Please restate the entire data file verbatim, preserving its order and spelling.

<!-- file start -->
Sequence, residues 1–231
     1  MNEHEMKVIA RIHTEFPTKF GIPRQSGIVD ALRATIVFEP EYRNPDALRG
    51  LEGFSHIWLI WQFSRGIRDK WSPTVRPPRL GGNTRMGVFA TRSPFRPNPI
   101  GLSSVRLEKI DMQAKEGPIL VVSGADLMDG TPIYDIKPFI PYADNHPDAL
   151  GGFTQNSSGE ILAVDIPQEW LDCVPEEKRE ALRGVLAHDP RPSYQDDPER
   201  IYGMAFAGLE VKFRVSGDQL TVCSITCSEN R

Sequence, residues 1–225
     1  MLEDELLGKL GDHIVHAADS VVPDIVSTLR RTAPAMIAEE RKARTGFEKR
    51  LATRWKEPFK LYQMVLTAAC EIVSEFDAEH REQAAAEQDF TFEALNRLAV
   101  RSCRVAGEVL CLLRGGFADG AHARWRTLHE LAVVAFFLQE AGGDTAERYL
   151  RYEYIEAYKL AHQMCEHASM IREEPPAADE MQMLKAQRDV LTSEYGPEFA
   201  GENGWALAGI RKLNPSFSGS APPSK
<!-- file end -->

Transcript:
Sequence, residues 1–231
     1  MNEHEMKVIA RIHTEFPTKF GIPRQSGIVD ALRATIVFEP EYRNPDALRG
    51  LEGFSHIWLI WQFSRGIRDK WSPTVRPPRL GGNTRMGVFA TRSPFRPNPI
   101  GLSSVRLEKI DMQAKEGPIL VVSGADLMDG TPIYDIKPFI PYADNHPDAL
   151  GGFTQNSSGE ILAVDIPQEW LDCVPEEKRE ALRGVLAHDP RPSYQDDPER
   201  IYGMAFAGLE VKFRVSGDQL TVCSITCSEN R

Sequence, residues 1–225
     1  MLEDELLGKL GDHIVHAADS VVPDIVSTLR RTAPAMIAEE RKARTGFEKR
    51  LATRWKEPFK LYQMVLTAAC EIVSEFDAEH REQAAAEQDF TFEALNRLAV
   101  RSCRVAGEVL CLLRGGFADG AHARWRTLHE LAVVAFFLQE AGGDTAERYL
   151  RYEYIEAYKL AHQMCEHASM IREEPPAADE MQMLKAQRDV LTSEYGPEFA
   201  GENGWALAGI RKLNPSFSGS APPSK